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The Original Family on Jarvis Street near Dundas Street.

Solana Cain/The Globe and Mail

Philip Cote’s mural tells the creation story of the Anishinaabe people. It shows the first man, the first woman and their sacred union. “I’m really interested in telling our story because I couldn’t hear that story anywhere when I was growing up,” Mr. Cote says. “I know that it’s important for our young people to have a sense of place, a sense of belonging and a sense of identity.” The mural also opens the door for non-Indigenous people to broaden their perspective. Commissioned by CentreCourt Condos, Mr. Cote painted the mural in November and December of 2018. Scaffolding had to be set up, with levels all the way up to the top of the wall. He used a Renaissance art technique called pouncing, where an image is transferred from one surface to another using paper that has been perforated allowing ink to pass through it.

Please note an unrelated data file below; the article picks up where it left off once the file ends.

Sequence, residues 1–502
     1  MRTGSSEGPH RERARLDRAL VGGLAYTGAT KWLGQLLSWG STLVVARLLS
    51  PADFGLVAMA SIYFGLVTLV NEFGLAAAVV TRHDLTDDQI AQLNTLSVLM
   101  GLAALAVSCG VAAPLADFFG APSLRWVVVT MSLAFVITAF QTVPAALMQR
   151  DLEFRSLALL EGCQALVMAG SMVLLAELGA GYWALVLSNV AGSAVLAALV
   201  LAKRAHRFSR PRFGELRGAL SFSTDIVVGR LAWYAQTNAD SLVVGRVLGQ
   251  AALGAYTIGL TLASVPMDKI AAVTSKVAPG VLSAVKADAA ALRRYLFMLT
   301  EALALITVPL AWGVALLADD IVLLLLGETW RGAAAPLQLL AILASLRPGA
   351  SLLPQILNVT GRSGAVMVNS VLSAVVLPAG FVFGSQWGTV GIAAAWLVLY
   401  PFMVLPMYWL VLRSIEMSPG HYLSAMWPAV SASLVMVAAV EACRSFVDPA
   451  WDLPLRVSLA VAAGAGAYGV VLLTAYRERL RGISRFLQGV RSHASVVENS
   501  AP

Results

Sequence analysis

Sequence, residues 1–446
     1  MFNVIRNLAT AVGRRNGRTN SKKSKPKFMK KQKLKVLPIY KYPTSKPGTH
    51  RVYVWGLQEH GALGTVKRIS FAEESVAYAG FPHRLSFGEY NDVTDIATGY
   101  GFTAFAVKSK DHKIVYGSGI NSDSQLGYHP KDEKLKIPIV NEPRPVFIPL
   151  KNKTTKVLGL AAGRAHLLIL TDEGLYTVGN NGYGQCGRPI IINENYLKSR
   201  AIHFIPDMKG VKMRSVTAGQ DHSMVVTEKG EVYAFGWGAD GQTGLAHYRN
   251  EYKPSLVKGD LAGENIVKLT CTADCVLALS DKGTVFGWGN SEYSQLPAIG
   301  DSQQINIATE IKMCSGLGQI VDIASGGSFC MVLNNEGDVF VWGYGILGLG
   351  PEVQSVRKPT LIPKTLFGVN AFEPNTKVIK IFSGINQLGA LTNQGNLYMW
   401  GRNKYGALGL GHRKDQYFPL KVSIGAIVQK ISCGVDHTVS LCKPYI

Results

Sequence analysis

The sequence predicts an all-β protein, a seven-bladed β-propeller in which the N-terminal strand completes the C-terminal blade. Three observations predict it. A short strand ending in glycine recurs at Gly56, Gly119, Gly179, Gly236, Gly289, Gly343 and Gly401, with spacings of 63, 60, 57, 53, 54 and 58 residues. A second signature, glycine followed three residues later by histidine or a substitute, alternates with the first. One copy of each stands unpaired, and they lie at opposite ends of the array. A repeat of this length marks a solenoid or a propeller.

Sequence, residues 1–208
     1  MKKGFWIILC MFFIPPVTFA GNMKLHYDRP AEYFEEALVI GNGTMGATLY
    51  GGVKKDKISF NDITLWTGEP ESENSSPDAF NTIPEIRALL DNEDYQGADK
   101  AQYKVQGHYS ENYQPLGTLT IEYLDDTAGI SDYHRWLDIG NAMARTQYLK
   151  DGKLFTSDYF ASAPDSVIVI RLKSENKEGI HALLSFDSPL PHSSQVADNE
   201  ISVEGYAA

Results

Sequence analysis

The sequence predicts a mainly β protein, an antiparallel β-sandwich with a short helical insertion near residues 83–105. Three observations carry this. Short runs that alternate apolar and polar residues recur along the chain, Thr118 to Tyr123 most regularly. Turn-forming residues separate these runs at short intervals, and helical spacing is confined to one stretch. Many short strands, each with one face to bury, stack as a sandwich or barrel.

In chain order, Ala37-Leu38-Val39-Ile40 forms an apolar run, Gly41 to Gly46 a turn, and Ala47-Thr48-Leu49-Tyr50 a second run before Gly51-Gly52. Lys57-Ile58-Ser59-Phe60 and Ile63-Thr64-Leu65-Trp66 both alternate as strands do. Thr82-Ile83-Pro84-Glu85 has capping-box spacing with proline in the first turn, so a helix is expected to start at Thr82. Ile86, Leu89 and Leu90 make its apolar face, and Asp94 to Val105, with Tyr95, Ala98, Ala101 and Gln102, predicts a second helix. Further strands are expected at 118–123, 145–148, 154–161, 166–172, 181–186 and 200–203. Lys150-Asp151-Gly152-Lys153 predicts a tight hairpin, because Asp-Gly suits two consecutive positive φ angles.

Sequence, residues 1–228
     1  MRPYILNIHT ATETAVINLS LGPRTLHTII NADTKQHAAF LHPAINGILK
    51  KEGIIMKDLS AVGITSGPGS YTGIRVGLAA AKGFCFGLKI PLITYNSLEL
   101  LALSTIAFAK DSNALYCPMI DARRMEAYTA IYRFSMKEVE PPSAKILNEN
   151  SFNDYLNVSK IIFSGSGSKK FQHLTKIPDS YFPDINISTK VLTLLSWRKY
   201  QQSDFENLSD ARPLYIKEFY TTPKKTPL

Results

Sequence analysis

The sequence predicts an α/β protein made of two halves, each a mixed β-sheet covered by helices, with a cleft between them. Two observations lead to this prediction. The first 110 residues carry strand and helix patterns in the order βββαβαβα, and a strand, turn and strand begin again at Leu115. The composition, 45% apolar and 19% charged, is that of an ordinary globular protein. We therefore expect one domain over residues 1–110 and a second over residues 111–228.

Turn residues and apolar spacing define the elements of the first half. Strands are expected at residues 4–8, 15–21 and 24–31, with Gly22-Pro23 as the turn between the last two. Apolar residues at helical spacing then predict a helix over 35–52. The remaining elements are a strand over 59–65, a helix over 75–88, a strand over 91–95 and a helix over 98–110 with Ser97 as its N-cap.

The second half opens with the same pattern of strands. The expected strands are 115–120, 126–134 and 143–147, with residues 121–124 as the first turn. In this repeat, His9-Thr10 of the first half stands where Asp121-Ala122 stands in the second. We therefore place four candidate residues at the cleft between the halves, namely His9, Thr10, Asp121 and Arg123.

Solana Cain/The Globe and Mail

The Birds Under The Bridge at Cherry Street and Lakeshore Boulevard.

Solana Cain/The Globe and Mail

The Birds Under The Bridge at Cherry Street and Lakeshore Boulevard